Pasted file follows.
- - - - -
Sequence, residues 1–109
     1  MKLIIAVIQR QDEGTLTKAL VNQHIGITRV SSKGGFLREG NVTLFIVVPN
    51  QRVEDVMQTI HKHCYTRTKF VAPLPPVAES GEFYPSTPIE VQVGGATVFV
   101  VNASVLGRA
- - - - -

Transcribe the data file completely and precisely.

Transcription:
Sequence, residues 1–109
     1  MKLIIAVIQR QDEGTLTKAL VNQHIGITRV SSKGGFLREG NVTLFIVVPN
    51  QRVEDVMQTI HKHCYTRTKF VAPLPPVAES GEFYPSTPIE VQVGGATVFV
   101  VNASVLGRA